10 Last-Minute Gifts for Filmmakers


Shopping for a filmmaker can be difficult. Equipment tends to be so specific and personal, that getting the right piece of gear to go with what they already have can make anyone frustrated with the holidays—but not to worry! The list below contains suggestions that will suit the needs, and even the fantasies, of pretty much anyone in the filmmaking field, no matter what their role or how long they've been working. So, if you are buying for someone else, or yourself, here are 10 last-minute gifts that would be ideal for filmmakers.

1. Slates

Slates are a thoughtful gift for filmmakers. A slate has multiple purposes, from keeping shots organized on set and as a quick handheld lens cutter protecting the lens from flares, to confirming the metadata in edit and providing a guaranteed sync point for your audio. Plus, "banging the sticks" on set lets everyone know that the camera is rolling, and to settle down. This Elvid 9-Section Slate makes a fine gift. The slate is translucent, which makes it ideal for use either front or backlit. The face of the slate has fields for entering pertinent information, with paint-filled engraved markings that won't rub off over time. And the back of the slate is left clean, providing a handy surface for writing messages to the editor.

2. Go Solar

Solar power is reliable and steady, and while overcast days may put a damper on charging, if you've got a filmmaker who spends their time away from cities, or where power is iffy, then some solar charging panels may be just the right thing. The Elios Wanderer 6W Foldable Solar Power Bank provides an excellent balance between power, weight, and portability. It has a built-in 10,000mAh battery, which, depending on your smartphone or device, will be good for several charges. You can use the solar panels, or wall power when you're not out in the wild. It unfolds to reveal four panels for collecting the sun's rays, and folds down to about the size of a smartphone for transportation and storage.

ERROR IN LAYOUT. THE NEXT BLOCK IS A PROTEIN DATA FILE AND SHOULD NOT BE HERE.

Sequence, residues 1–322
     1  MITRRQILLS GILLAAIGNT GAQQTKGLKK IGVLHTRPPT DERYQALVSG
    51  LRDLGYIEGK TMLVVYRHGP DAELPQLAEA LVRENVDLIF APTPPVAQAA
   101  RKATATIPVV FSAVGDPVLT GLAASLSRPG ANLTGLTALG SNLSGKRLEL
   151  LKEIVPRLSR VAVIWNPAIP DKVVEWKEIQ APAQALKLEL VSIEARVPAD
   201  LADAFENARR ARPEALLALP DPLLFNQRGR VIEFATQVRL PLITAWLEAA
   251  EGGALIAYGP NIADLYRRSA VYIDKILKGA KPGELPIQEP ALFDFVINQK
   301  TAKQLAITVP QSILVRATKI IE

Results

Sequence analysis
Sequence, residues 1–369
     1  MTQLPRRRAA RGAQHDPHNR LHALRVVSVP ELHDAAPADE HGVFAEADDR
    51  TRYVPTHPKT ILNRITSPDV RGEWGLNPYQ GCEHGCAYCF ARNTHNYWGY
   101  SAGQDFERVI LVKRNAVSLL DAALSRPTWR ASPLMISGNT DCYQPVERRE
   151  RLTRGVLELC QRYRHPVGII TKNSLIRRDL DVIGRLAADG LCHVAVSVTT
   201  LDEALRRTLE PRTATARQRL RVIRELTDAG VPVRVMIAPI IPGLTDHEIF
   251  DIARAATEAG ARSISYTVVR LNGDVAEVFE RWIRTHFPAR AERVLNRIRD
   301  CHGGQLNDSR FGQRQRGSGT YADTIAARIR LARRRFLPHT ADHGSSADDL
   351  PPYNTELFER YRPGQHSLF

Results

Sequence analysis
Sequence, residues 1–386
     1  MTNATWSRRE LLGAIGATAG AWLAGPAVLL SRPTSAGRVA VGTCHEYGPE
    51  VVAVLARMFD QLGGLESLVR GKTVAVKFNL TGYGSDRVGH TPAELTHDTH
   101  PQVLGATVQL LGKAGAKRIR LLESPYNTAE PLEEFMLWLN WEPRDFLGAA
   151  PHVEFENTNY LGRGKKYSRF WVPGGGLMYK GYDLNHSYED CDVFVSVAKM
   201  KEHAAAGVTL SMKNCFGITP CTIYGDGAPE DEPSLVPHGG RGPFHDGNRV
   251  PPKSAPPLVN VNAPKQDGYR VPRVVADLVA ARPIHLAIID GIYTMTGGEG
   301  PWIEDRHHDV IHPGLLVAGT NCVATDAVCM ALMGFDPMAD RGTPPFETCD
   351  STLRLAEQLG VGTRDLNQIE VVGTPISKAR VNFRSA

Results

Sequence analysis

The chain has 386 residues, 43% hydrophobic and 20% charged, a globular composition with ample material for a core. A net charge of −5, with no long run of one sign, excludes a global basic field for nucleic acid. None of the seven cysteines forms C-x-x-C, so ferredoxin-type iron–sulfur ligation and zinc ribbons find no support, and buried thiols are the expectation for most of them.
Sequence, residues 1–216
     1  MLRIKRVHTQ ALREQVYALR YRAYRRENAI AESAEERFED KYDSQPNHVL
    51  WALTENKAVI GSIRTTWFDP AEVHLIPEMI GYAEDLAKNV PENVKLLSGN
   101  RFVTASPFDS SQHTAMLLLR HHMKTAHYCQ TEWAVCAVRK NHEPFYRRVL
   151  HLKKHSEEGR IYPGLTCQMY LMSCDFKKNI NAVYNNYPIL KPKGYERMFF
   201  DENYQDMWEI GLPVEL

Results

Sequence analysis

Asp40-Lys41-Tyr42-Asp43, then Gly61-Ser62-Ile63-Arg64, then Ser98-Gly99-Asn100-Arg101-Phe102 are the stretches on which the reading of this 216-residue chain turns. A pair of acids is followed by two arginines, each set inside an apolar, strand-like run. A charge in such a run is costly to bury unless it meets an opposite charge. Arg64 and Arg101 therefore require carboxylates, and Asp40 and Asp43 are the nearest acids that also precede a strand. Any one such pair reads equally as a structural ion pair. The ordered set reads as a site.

3. Power for Your Car

Filmmaker or no, if you have a car, you've most likely had your car battery give up, and it always happens at the worst time, like when you've got to be on set in half an hour and there is no time to wait for road service. I picked up a jump starter few years ago, and it has come in handy many times. Just pop open your hood and connect the cables and start your car. I like the small, lightweight units. When I need an emergency boost, the NOCO Genius Boost Plus suits me just fine. It's got the power to jump-start a 6-liter gas engine, built-in flashlight with four brightness levels, as well as strobe, flash, and SOS modes if your car has broken down. Polarity protection protects you, your car, and the jump starter. It features a USB port for powering devices, and charges from an included AC power adapter.

4. Portability: The Key to It All

Being able to back up your footage provides huge peace of mind. If you don't want to lug around a computer, then you might consider a portable drive with a built-in SD card reader. Great for copying your footage for a backup until you get to your edit system, or if you need to reuse a card, the beauty of these drives is that you don't need a computer to control them—just insert your SD card, press a button, and the drive does all the work. The GNARBOX 2.0 SSD 256GB hits the sweet spot. It has a ruggedized body, an SD card slot that can read at 75 MB/s, as well as two USB Type-C ports and a Micro HDMI port for playing out to HDMI displays. What sets GNARBOX apart from other portable hard drives is that it features a built-in OLED screen, and it comes with software apps for organizing and managing your footage.

5. Back in a Flash